Bioinformatics for Biologists: Analysing and Interpreting Genomics Datasets

17 June–18 August 2024

FutureLearn platform, online

Handle and analyse sequence datasets through hands-on exercises


Duration: 3 weeks, 6 hours per week
Free Certificate of Achievement available on satisfactory completion

Start Date: The course is run ‘live’ for 3 weeks from 17 June 2024.  After this period, the course will remain open for completion for a further 6 weeks, but without facilitation by the educators.

Why join this course? 

The course will cover Next Generation Sequencing and its significance in genomics, the installation of widely-used bioinformatics tools, the use of different file formats, and Linux commands for sequence quality control, mapping, and variant calling.

You will also learn how to perform analysis using the workflow management system Nextflow, as applied to viralrecon, an existing bioinformatics pipeline. You will learn how to use RStudio for data visualization of variants obtained from genomic data.

Who is this course for? 

This course caters to a specific audience, including genomics researchers seeking to analyse sequencing data, as well as individuals interested in data science. It is ideal for molecular biologists, professionals in genomic medicine, bioinformatics practitioners, and those pursuing career in data science

Learners are expected to have some knowledge of  computing or bioinformatics  and be familiar with Linux and basics of R.


Programme and start dates

Course start dates

This course will start on 17 June 2024

What topics will you cover?

  • In Week 1 of the course, we will introduce you to the concept of environment variables and demonstrate how to install key bioinformatics tools. We will talk about next-generation sequencing, its significance and different file formats used. We will describe different steps in a next generation pipeline ranging from sequence quality control, mapping and variant calling. We will show you how to run different commands on the UNIX command line for sequence quality control, mapping, and variant calling.
  • In Week 2 we will introduce you to the concepts of workflows and workflow management systems such as Nextflow. We will demonstrate how pipelines developed with Nextflow can perform the same types of tasks we outlined in Week 1 without you having to run each of the individual commands yourselves. You will be shown how to install Nextflow and use the existing viralrecon pipeline from the nf-core project. You will set up a samplesheet to be used as input for viralrecon and then run the pipeline yourselves. Finally, we will examine the outputs from viralrecon and explain how these could be used to decide whether the data we analysed was of sufficient quality for downstream analyses.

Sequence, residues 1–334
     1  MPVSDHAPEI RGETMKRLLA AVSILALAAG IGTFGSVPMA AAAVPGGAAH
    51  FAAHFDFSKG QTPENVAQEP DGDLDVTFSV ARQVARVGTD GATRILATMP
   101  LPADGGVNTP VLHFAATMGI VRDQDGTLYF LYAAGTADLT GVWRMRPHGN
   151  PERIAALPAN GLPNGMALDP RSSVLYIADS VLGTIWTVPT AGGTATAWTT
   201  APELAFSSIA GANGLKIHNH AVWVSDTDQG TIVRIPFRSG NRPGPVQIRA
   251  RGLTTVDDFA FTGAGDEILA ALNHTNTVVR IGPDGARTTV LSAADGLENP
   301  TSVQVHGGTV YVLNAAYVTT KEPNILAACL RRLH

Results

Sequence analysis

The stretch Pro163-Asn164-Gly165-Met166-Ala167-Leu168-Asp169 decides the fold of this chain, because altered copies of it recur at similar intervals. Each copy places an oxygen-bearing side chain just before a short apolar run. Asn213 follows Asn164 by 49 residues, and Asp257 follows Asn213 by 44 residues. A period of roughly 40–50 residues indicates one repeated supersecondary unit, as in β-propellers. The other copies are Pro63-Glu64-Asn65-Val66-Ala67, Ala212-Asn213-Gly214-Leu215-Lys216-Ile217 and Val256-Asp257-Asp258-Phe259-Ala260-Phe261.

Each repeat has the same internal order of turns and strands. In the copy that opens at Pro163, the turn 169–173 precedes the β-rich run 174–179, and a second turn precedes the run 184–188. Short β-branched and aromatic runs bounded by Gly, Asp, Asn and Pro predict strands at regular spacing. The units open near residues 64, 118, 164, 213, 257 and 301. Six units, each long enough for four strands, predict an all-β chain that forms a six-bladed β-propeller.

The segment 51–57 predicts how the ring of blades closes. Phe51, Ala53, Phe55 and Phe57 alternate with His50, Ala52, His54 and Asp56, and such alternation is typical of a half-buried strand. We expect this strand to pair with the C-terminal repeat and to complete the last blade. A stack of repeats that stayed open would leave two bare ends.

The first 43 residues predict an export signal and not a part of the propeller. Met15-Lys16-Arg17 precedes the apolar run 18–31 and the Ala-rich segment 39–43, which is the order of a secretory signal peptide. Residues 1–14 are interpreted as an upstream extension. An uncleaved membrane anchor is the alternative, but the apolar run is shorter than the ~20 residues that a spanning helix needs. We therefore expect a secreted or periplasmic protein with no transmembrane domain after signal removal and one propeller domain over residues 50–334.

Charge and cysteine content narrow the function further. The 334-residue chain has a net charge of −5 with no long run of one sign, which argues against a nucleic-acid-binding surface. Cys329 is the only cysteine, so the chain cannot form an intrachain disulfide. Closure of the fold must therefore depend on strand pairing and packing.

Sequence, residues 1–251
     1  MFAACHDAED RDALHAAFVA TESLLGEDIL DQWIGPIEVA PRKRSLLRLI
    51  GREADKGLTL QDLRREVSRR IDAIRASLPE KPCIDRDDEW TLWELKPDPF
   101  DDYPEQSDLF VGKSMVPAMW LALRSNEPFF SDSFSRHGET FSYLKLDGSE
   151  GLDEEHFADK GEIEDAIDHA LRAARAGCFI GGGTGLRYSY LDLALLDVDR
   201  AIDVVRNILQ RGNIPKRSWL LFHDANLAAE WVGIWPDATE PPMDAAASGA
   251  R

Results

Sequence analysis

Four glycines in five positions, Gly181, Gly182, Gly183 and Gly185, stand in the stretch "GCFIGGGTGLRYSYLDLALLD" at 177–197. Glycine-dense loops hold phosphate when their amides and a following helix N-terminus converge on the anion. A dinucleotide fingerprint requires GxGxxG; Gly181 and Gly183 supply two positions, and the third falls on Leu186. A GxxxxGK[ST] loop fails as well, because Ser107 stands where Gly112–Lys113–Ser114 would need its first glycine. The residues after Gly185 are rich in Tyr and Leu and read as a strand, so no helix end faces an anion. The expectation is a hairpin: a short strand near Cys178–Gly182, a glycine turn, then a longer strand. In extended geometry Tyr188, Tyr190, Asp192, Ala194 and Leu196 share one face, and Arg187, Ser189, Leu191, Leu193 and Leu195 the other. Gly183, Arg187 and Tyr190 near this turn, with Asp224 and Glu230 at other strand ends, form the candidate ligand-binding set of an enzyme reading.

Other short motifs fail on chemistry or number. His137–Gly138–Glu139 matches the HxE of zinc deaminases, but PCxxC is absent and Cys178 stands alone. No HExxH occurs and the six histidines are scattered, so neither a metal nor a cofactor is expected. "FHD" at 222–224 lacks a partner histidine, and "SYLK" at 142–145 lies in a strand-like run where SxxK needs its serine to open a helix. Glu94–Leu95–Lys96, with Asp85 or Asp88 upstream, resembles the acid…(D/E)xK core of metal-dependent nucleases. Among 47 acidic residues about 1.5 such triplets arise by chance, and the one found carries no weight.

• In Week 3, following a good understanding of the analysis procedures you acquired in Week 1 and Week 2, we proceed with data visualization of variants obtained from genomic data. We will use R and RStudio, tools that make it possible to use either built-in functions of R, or specific functions from packages for several purposes that greatly help when analyzing variants. To do this, you should  be knowledgeable about how to use R to understand a data structure, how to provide statistical information on it, how to subset it, or how to visualize it. We cover examples of data types to represent, why we would do that, and how to quickly interpret it.

What will you achieve? 

By the end of the course, you‘ll be able to…

  • Use software managers to install and run reproducible bioinformatics tool
  • Handle and analyse sequence datasets through hands-on exercises
  • Analyse quality control metrics for sequencing data
  • Modify existing workflows to suit specific task requirements and optimise analysis processes
  • Interrogate and interpret the results obtained from running bioinformatics pipelines
  • Perform downstream analyses of pipeline outputs using R, enabling data visualisation and further exploration


Lead Educators

Fatma Guerfali
Researcher at Institut Pasteur in Tunis and Trainer in Bioinformatics. Passionate about data analysis and visualization for pathogens related Genomics and Transcriptomics

Andries van Tonder
A researcher at the University of Cambridge, UK, with extensive experience analysing large bacterial genome datasets. Specific research areas include using WGS to study transmission in different bacterial species.

Ruth Nanjala
Based at the University of Oxford, UK. A bioinformatician who’s previously led the Bioinformatics Mentorship and Incubation program at ICIPE, Kenya, which aims to build Bioinformatics capacity in Africa, and Carpentries instructor.

Education Developer
Dusanka Nikolic – Wellcome Connecting Science, UK

Martin Aslett – Wellcome Connecting Science, UK
Jorge Batista da Rocha – Wellcome Connecting Science, UK
Phelelani Mpangase – Sydney Brenner Institute for Molecular Bioscience, South Africa



Learners’ reviews:

I found the exploration of various concepts enjoyable, and the practical exercises were excellent. 

Great course, includes all materials for beginner and for professionals. I will recommend it for all kind of medical staff.

This is course is great, it helped me understood how pipelines work, especially nextflow. 

Best Bioinformatics-NGS course ever!

What's included

The Wellcome Connecting Science Learning and Training team are offering everyone who joins this course a free digital upgrade, so that you can experience the full benefits of studying online for free. This means that you get:

  • Unlimited access to this course
  • Includes any articles, videos, peer reviews and quizzes
  • Tests to validate your learning
  • A PDF Certificate of Achievement to prove your success when you’re eligible

Watch the trailer for Analysing and Interpreting Genomics Datasets

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